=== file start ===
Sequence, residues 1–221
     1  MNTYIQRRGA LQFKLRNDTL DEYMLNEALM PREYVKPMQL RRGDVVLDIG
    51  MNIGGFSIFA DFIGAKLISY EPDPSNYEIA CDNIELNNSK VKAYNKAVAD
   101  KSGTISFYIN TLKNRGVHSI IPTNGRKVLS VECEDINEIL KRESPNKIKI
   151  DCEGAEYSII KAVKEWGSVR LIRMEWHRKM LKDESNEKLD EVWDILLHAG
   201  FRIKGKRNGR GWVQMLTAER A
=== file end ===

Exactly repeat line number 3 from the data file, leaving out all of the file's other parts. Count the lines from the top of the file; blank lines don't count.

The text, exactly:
    51  MNIGGFSIFA DFIGAKLISY EPDPSNYEIA CDNIELNNSK VKAYNKAVAD